Search Results: "Michael J. Behe"


BOOK REVIEW

NON-FICTION
Released: June 5, 2007

"Not science, but a tract to comfort those who want to believe."
More on Intelligent Design from its chief proponent, who trots out even more minutiae on the "irreducible complexities" of cells and their parts previously discussed in Darwin's Black Box (1996). Read full book review >

BOOK REVIEW

NON-FICTION
Released: Aug. 2, 1996

"Behe is a Roman Catholic), but it is neither necessary nor sufficient for many other practicing scientists."
Behe (Biochemistry/Lehigh Univ.) offers the thesis that biochemistry provides so many examples of ``irreducible complexity'' in nature that not even Darwinian gradualism can explain their evolution and existence. Read full book review >

BOOK REVIEW

NON-FICTION
Released: Aug. 1, 2000

"The definitive resource for understanding this deeply troubling episode in the 20th century's greatest horror. (8 pages b&w photos, 4 maps)"
Essays by military and Holocaust historians (whose answers to the question in the subtitle vary widely), supplemented with relevant primary documents. Read full book review >

BOOK REVIEW

RUNNING WITH TRAINS by Michael J. Rosen
CHILDREN'S
Released: June 1, 2012

"A thoughtful, beautifully image-laden tale of learning how to appreciate what one has. (Poetry. 11 & up)"
The differing worlds of two boys come together in this intriguing novel in poems set in rural Ohio. Read full book review >

BOOK REVIEW

RAT TRAP by Michael J. Daley
ANIMALS
Released: May 15, 2008

"While the story is a mite thin on setting and characterization, the fast-paced plot is sure to please fans of computer games and sentient machines and serves to expand the rather skimpy field of middle-grade science-fiction books. (Science fiction. 8-12)"
Everyone on the space station believes Rat was killed in the battle with Nanny, a terrifying robot run amok. Read full book review >

BOOK REVIEW

FALTER KINGDOM by Michael J. Seidlinger
YOUNG ADULT
Released: Aug. 9, 2016

"An ennui-soaked misfire. (Horror. 14-17)"
A teenage boy is possessed by a demon. Read full book review >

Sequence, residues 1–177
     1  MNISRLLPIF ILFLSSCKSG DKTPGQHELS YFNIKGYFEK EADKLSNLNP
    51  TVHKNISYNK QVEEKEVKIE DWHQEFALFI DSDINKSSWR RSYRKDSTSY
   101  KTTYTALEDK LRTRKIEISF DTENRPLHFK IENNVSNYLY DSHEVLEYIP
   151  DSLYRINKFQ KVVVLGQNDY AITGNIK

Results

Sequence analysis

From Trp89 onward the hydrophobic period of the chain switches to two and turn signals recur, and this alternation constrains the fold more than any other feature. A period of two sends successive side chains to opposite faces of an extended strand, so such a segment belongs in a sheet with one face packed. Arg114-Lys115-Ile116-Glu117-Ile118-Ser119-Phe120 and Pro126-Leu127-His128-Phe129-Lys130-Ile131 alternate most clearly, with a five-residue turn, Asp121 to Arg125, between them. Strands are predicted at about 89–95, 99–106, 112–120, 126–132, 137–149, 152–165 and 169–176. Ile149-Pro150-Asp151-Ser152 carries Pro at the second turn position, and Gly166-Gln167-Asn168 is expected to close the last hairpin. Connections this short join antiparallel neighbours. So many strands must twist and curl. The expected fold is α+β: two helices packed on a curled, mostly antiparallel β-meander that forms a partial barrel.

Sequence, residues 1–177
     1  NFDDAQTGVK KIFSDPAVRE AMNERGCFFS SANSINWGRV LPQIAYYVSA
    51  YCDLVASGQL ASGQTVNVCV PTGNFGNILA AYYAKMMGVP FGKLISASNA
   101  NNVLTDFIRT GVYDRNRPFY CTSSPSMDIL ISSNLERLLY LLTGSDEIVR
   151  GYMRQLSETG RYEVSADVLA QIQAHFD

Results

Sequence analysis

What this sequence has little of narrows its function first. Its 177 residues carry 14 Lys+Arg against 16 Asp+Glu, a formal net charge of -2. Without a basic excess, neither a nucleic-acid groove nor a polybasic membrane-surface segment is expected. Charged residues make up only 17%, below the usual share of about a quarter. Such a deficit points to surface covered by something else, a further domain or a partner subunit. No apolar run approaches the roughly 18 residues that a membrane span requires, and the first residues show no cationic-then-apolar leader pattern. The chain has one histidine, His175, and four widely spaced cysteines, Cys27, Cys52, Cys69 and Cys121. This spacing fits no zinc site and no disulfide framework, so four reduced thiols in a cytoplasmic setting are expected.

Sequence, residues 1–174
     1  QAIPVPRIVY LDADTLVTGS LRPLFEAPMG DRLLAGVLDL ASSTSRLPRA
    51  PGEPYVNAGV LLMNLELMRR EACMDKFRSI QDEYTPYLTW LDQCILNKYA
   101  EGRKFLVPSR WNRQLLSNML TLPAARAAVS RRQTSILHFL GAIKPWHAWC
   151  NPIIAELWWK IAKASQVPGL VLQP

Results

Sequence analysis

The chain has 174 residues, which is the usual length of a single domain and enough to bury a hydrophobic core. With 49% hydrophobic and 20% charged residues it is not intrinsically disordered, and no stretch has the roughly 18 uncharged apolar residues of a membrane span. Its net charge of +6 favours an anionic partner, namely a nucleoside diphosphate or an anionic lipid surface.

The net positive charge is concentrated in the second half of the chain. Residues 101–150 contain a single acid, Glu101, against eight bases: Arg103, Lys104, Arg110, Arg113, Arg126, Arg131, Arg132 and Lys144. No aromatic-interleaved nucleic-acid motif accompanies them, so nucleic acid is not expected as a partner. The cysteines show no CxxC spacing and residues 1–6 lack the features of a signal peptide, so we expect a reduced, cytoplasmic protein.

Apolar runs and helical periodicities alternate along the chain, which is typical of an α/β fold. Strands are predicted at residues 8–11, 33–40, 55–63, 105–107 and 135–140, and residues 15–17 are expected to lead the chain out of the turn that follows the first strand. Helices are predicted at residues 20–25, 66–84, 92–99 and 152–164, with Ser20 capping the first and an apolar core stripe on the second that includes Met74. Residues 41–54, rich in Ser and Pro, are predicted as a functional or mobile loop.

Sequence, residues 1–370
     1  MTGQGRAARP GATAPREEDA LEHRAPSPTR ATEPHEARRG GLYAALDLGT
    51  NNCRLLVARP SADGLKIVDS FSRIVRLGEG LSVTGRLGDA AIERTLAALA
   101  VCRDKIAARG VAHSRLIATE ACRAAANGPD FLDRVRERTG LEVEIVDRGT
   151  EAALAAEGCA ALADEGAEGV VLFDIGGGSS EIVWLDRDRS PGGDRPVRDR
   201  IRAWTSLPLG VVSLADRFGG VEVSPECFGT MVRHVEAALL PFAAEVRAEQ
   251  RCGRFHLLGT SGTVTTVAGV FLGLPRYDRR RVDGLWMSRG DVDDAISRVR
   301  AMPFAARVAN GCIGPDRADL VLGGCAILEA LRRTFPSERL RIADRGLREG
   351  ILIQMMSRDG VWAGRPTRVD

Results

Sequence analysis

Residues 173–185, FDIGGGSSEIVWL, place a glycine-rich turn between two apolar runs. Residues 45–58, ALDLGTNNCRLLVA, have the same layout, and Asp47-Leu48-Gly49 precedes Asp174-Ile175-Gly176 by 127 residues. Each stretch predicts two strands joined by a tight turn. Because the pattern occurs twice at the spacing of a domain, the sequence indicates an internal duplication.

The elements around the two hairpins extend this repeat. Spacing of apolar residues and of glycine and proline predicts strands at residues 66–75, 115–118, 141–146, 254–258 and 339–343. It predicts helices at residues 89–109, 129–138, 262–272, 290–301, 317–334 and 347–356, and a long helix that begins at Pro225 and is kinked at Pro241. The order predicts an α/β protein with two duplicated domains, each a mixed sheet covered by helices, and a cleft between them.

BOOK REVIEW

NON-FICTION
Released: Sept. 4, 2006

"A heartening read."
A psychologist shares the trials and tribulations of today's teens. Read full book review >

BOOK REVIEW

CHILDREN'S
Released: March 1, 2018

"Both budding zoologists and children with even just a mild interest in the natural world will slurp this down. (index) (Nonfiction. 10-13)"
Profiles of 24 curious creatures, from the waxy monkey tree frog to Vampyroteuthis infernalis (literally, "vampire squid from hell"). Read full book review >

BOOK REVIEW

NON-FICTION
Released: April 1, 1996

"A book rich in ideas, if not in blueprints for action."
A wide-ranging critique of American liberalism that, unlike many other current books on the matter, seeks its restoration as a guiding political ethic. ``Despite the achievements of American life in the last half-century,'' political theorist Sandel (Harvard) writes, ``our politics is beset with anxiety and frustration.'' He suggests that the growing public mistrust in the federal government, whose manifestations range from the conservative sweep of Congress in the last election to the Oklahoma City bombing, can be addressed only by reevaluating the liberal assumption that ``government should be neutral on the question of the good life,'' and by putting in its place a social-democratic concern for the spiritual well-being of the citizenry. Read full book review >

BOOK REVIEW

AGE OF SWORDS by Michael J. Sullivan
FICTION & LITERATURE
Released: June 20, 2017

"This novel has a refreshing, if somewhat dated, feminist ethos: 'a handful of women and a few young girls' emerge as the newfound font of cultural strength in a changing society and are the heroes of this otherwise derivative tale."
Although Raithe the God-Killer had shown humanity that the magical Fhrey are mortal and not mythic gods, open conflict remains between the two nations; with the balance of power tipped toward the advanced weaponry of the Fhrey, Rhune chieftain Persephone must undertake a quest of wit and wisdom, rather than brawn, to give humanity a fighting chance to win. Read full book review >